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Climate Change Creating Harsher Conditions in Namib Desert, Namibia

23S 15.1E

February 7th, 2013 Category: Climate Change, Deserts

Namibia – January 27th, 2013

Living in the Namib desert was never easy due to extreme temperatures and sparse vegetation, but signs that climate change may be worsening the already harsh conditions in this area of desert have led to concern over how local farmers will water crops.

Namibia is the driest country in sub-Saharan Africa, with annual rainfall varying between 30 millimetres (1.2 inches) in the desert to as much as 500 millimetres in the extreme northeastern Caprivi Region. Climate change may already be making the situation worse, with increases in temperature of around 1.2 degrees Celsius observed.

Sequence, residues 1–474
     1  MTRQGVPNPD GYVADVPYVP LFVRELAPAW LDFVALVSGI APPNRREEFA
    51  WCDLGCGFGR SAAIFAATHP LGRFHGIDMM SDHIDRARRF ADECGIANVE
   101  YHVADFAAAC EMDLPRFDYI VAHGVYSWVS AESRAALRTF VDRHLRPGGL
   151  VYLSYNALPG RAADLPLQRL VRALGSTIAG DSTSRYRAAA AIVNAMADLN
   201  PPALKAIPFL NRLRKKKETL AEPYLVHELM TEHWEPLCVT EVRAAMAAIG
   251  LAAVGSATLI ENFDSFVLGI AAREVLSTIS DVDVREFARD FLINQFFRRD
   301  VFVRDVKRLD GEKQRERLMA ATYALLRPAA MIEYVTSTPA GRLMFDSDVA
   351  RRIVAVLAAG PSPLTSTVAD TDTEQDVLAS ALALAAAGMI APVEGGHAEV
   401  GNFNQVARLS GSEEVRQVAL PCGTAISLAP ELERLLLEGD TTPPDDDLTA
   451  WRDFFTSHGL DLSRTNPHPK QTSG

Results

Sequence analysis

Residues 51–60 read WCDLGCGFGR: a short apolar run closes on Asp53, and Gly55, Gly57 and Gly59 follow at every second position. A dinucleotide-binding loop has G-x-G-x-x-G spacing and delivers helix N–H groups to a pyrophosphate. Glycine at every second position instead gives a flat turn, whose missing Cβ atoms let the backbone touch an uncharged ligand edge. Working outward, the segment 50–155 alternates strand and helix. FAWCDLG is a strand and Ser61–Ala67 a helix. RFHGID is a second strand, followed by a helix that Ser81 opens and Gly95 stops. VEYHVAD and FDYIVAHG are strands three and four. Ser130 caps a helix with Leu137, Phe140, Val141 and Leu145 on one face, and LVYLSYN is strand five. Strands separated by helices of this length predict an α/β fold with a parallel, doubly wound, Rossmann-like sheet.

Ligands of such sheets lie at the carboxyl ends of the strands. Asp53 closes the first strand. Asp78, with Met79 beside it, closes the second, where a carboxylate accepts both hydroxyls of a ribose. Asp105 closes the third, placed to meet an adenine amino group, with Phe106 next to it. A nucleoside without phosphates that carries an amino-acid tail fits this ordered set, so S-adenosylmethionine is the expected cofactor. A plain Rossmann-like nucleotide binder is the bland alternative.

According to scientists, in recent years, hot temperatures are getting hotter, hot days of above 35 degrees Celsius are becoming more frequent and the number of cold nights decreasing. Rainfall seasons are already starting later and ending earlier, affecting subsistence farmers who grow staple foods (click here to read more).

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